- The Washington Times - Thursday, December 20, 2001

D.C. officials endorsed plans yesterday for a $101 million housing-and-business project designed to link the city's historic Mount Vernon neighborhood with its booming downtown.
The National Capital Revitalization Corp., a government-chartered company that oversees big development projects in the District, chose a veteran Washington builder to redevelop a coveted city-owned parcel near the city's new convention center.
The three-acre parcel at Fifth and K streets NW was home to the National Wax Museum until about 30 years ago, when it was bulldozed for an urban-renewal project that never occurred.
The site is now used as a parking lot.
The builder, Horning Brothers, competed with 10 other developers for the right to redevelop the property. The revitalization corporation's endorsement means Horning can negotiate a sales price for the land and proceed with its applications for building permits.
"We envision a broad breadth of opportunities for this site," said company general partner Joseph F. Horning Jr.
Horning proposed Mount Vernon Walk, a project that will include 535 apartments and condominiums, a small grocery store, an art gallery and a theater for a local performance troupe.
Twenty-eight percent of the apartments and condominiums will be set aside for middle-income residents.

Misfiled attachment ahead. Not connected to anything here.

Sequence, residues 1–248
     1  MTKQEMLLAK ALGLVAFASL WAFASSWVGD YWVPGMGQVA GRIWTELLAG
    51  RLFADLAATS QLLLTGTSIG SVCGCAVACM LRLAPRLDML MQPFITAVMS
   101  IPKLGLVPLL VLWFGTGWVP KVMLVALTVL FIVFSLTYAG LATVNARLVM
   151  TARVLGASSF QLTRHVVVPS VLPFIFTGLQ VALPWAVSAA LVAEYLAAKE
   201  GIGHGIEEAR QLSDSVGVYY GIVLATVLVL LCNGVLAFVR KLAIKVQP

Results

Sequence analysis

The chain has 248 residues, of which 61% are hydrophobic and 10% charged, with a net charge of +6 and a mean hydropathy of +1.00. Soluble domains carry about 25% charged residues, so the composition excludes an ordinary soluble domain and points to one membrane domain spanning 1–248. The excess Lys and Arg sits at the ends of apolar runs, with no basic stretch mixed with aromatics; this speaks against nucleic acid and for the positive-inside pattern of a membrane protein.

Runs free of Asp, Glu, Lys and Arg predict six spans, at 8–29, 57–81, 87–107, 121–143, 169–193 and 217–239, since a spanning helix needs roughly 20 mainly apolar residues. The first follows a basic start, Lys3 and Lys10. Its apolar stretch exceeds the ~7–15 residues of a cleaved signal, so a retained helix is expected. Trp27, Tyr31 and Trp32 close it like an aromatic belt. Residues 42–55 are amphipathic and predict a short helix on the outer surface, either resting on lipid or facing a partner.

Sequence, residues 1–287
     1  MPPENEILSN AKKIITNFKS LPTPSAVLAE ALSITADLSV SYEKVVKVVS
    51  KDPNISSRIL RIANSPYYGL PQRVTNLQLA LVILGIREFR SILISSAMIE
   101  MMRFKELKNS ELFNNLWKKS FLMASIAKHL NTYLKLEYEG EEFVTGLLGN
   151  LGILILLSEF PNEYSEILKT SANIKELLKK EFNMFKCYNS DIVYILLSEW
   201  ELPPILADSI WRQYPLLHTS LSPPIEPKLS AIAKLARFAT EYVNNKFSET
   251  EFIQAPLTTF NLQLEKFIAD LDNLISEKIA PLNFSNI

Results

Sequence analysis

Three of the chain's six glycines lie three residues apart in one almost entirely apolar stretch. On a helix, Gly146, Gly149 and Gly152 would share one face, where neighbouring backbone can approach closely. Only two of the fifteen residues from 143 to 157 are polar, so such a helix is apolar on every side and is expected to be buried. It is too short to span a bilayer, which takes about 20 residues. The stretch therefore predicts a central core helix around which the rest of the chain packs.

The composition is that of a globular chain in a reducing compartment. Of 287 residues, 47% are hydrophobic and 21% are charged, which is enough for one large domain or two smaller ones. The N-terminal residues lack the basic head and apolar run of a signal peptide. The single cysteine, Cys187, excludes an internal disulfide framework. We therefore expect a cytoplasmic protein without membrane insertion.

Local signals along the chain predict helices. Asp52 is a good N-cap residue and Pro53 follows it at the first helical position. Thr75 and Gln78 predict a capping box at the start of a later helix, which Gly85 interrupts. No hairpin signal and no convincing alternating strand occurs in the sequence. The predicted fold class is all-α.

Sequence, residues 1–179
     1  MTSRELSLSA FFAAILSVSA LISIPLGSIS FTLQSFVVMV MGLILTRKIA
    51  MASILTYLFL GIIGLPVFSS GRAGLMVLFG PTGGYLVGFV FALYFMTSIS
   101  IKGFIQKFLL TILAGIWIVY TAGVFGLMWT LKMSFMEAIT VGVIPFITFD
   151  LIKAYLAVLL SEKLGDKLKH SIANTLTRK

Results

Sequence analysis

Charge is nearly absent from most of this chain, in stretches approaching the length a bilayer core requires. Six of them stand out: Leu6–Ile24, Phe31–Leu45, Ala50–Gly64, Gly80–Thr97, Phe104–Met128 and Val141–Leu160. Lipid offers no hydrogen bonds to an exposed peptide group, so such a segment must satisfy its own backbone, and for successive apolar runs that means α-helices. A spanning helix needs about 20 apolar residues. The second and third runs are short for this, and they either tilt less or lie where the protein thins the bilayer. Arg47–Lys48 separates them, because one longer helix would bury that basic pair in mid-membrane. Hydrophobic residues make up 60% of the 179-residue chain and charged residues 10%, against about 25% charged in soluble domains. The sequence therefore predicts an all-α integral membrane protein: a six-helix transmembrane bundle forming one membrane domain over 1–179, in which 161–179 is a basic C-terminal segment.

Under the plan, a person must earn between 30 percent and 80 percent of the local median household income to qualify for the discounted housing. The District's most recent figures show its median income was $43,011 in 1998.
Housing activists said the project will unite the Mount Vernon neighborhood with the booming downtown area. Some longtime residents of both areas complain wealthier newcomers have made the neighborhoods too expensive to live in.
"This one block can't do everything to bridge that gap, but it's a start," said Terry Lynch, executive director of the Downtown Cluster of Congregations, a church-backed group that pushes for affordable housing.
The revitalization corporation and Horning Brothers have until Feb. 15 to complete the deal.
The corporation said it will sell the land to Horning for no less than $3.9 million. Construction would likely begin by October 2002 and last two years, said Thomas Archer, executive vice president of Horning Brothers.
Because the project includes affordable housing, it could qualify for as much as $20 million in tax-exempt financing from the city, according to the revitalization corporation.
Eleven development teams submitted proposals for the site this fall. The corporation narrowed that list to four finalists, each of which proposed a mix of apartments, condominiums and retail and arts space.
The corporation's seven-member board voted unanimously to approve the Horning plan.
"There were strengths and weaknesses to all the proposals. This was not an easy decision," said J. Roderick Heller III, the corporation's chairman.
Longtime Washington developer Lowe Enterprises and Safeway teamed to propose what would have been one of the largest supermarkets in the District. The 56,000-square-foot store was slated to feature a Starbucks coffee shop, a dry cleaner and a bank.
"Lowe had the most attractive design, but this was not a beauty contest," said Alexander M. Padro, a member of a local government commission that advises the city on Mount Vernon neighborhood matters.
Horning Brothers has proposed a grocery store roughly half the size of the proposed Safeway. Horning has not signed a deal with a grocery chain, but Mr. Archer said it is interested in talking to Safeway and smaller chains that have expressed interest in the site.
A Safeway spokesman said it is willing to meet with Horning.

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